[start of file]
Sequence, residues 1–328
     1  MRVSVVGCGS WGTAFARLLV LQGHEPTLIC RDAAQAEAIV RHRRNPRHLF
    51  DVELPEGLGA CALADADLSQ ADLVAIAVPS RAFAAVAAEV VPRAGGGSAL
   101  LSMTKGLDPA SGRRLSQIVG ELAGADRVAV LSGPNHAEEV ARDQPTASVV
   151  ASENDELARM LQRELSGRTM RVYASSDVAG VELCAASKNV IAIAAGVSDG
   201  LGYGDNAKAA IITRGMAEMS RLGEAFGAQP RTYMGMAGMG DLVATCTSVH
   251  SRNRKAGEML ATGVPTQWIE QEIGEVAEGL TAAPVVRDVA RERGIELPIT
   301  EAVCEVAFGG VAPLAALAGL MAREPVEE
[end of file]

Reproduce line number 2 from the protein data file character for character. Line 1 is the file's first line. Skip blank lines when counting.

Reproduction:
     1  MRVSVVGCGS WGTAFARLLV LQGHEPTLIC RDAAQAEAIV RHRRNPRHLF